oldf%=@vdu.g.b&           : REM May be BB4W specific
      b%=@vdu.g.d&
      GCOL f%                   : REM Types in color specified.
      ins%=TRUE                 : REM Start with insert mode
      c$="_"
      t%=15                     :REM initial timing delay for cursor.

      REPEAT :                    REM Loop getting input until a CR
        GCOL b%: MOVE h%, v% :PRINT SPC(cp%);c$;  :REM Remove cursor while we wait for keystrokes
        K%=INKEY(t%)
        IF K%=-1
        REM Build up String
        IF K% > 31 OR K%=8 THEN
          GCOL b%: MOVE h%, v% : PRINT text.a&(); :REM Erase old string things are about to change (maybe).
          CASE TRUE OF
            WHEN K% >31 AND K% <128
              CASE TRUE OF
                WHEN cp%=>L% : text.a&(L%)=K%: L%+=1
                WHEN cp%< L% AND ins%=TRUE : PROCgap(text{},L%,cp%) : L%+=1: text.a&(cp%)=K%
                WHEN cp%< L% AND ins%=FALSE: text.a&(cp%)=K%  :REM do we need to change cp%?
              ENDCASE
              cp%+=1
            WHEN K%=130: cp%=0      :REM Home
            WHEN K%=131: cp%=L%     :REM End
            WHEN K%=132: REM PgUp
            WHEN K%=133: REM PgDn
            WHEN K%=134: REM Ins
              REM Change modes and change cursor flash time.
              ins%=NOT ins%
              IF ins% t%=15 ELSE t%=8
            WHEN K%=8 : REM BackSp
              IF cp%>0: PROCdel(text{},L%,cp%-1) : L%-=1 : cp%-=1
            WHEN K%=135 : REM Del
              PROCdel(text{},L%,cp%): L%-=1
            WHEN K%=136: REM Left
              IF cp%>1 cp%-=1
            WHEN K%=137: REM Right
              IF cp% < L% cp%+=1
            WHEN K%=138, 139:REM Up or down
          ENDCASE
          REM  PRINT the new string.
          GCOL f% MOVE h%, v% : PRINT text.a&();
        ENDIF
        REPEAT UNTIL INKEY(0)=-1  : REM Mainly flushing excessive repeat keys if you hold them down.
        GCOL f%: MOVE h%, v% :PRINT SPC(cp%);c$;  :REM Now write the cursor in the new position if needed.
        WAIT t%                                     :REM Do nothing for a while.
      UNTIL K%=13
      GCOL b%: MOVE h%, v% :PRINT SPC(cp%);c$;
      GCOL oldf%             :REM Change Mode back to original plot color.
      VDU4
      =text.a&()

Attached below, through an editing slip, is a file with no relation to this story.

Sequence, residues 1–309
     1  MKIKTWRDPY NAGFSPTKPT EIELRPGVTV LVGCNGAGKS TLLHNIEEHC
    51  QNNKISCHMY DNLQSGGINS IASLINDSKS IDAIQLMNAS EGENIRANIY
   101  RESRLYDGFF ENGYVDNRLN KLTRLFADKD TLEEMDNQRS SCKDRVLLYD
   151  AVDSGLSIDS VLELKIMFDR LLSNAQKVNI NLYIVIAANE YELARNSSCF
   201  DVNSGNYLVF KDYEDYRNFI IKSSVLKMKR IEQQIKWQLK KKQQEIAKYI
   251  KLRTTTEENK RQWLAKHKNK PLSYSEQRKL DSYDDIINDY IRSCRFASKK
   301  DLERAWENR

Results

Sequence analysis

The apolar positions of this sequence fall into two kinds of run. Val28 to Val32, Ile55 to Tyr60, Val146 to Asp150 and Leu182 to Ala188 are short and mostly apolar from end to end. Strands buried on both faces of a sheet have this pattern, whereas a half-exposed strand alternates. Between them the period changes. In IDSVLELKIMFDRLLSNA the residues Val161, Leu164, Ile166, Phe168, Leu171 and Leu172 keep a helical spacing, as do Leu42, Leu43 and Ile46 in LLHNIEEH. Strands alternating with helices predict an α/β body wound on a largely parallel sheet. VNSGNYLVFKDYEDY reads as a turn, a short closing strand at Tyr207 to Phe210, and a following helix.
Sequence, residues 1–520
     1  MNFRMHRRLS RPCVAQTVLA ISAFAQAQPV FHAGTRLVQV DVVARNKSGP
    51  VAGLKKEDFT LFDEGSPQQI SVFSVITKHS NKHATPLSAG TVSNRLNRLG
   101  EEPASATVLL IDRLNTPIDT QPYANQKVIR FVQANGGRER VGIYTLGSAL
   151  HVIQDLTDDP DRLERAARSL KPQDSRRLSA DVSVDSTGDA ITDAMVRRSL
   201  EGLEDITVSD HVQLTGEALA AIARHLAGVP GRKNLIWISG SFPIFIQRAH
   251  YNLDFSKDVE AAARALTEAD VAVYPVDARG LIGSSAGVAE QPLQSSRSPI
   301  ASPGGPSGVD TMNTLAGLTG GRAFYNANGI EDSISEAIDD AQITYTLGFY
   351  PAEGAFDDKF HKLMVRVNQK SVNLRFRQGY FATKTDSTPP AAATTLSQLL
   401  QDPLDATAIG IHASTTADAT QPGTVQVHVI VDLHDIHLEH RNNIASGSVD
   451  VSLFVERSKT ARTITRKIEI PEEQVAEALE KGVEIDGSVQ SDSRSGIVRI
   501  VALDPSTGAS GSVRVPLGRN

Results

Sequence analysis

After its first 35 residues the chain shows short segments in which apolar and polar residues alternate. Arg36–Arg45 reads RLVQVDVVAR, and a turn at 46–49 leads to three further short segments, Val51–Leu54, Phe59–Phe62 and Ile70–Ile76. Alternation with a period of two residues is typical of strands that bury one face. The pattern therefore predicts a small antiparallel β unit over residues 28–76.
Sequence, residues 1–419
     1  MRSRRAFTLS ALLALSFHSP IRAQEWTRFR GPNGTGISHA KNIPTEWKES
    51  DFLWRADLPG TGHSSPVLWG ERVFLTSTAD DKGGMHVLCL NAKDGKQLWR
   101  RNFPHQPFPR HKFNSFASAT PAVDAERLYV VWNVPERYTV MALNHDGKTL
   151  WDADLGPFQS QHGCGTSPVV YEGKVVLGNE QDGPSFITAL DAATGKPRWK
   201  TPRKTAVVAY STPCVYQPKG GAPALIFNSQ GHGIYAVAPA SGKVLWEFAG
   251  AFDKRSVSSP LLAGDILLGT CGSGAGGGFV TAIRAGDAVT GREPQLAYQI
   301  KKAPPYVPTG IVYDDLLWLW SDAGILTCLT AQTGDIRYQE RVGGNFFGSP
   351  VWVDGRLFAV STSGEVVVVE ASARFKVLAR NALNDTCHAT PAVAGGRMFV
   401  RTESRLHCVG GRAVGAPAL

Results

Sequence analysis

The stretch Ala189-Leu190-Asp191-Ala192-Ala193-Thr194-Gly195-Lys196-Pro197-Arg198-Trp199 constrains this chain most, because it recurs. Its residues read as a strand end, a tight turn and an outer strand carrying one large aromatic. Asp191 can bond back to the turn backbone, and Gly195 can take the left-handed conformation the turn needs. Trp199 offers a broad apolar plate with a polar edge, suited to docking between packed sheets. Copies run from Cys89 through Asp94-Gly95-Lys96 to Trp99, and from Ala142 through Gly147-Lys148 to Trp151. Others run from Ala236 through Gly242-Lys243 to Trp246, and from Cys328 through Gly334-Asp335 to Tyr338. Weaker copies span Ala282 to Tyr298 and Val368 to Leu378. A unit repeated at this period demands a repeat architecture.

DEF PROCgap(a{},l%,p%)
      REM Make a gap in the 'string' a{()} of length l% at position p% so we can insert
      LOCAL I%
      FOR I%=l%+1 TO p% STEP -1
        a.a&(I%)=a.a&(I%-1)
      NEXT
      ENDPROC

      DEF PROCdel(a{},l%,p%)
      REM Delete the item at p% from a 'string' a{()} of length l%
      LOCAL I%
      FOR I%=p% TO l%
        a.a&(I%)=a.a&(I%+1)
      NEXT
      ENDPROC
 
« Last Edit: Dec 18th, 2017, 9:21pm by Zaphod » User IP Logged

DDRM
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xx Re: A new type of text tool (array ASCII)
« Reply #6 on: Dec 19th, 2017, 12:33pm »

Hi Zaphod,

It's not clear to me why it is useful to put the byte array inside a structure? Why not just use the array directly?

For wider readers, if you are only handling ASCII characters, it only takes up 1/4 the space if you store them in byte variables (&) rather than integers (%), which are 32 bits = 4 bytes each.

Best wishes,

D
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Zaphod
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xx Re: A new type of text tool (array ASCII)
« Reply #7 on: Dec 19th, 2017, 1:45pm »

Quote:
It's not clear to me why it is useful to put the byte array inside a structure? Why not just use the array directly?


Well it saves you having to use indirection to locate the address of the parameter block and print out the contents of the array memory space, or take byte at a time and reconstruct the string as Michael suggested.
Messing around with indirection is a great way of crashing the program if you don't know what you are doing, and at the moment I can't remember how to do either.
So text.a&() returns the string contained in that array directly which seemed the easier option.
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xx Re: A new type of text tool (array ASCII)
« Reply #8 on: Dec 19th, 2017, 2:43pm »

Ooh, cute! I missed that. I see it is actually specified in the manual. It's vaguely interesting that PRINT is happy with nul-terminated strings.

So you could just use a simple array, but then to get the string you'd need to use

$$^ArrayName&(0)

Best wishes,

D
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Zaphod
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xx Re: A new type of text tool (array ASCII)
« Reply #9 on: Dec 19th, 2017, 3:23pm »


Ah, yes, that $$^ArrayName&(0) was what I was missing. And so you don't need the structure part, you are right. I just have bad experiences of crashing programs or sending reams to the printer inadvertently when using indirection incorrectly, so I avoid it whenever possible. It's a bit like the old POKE command. User beware.

I'll leave that to Michael if he wants to explore that option.

Z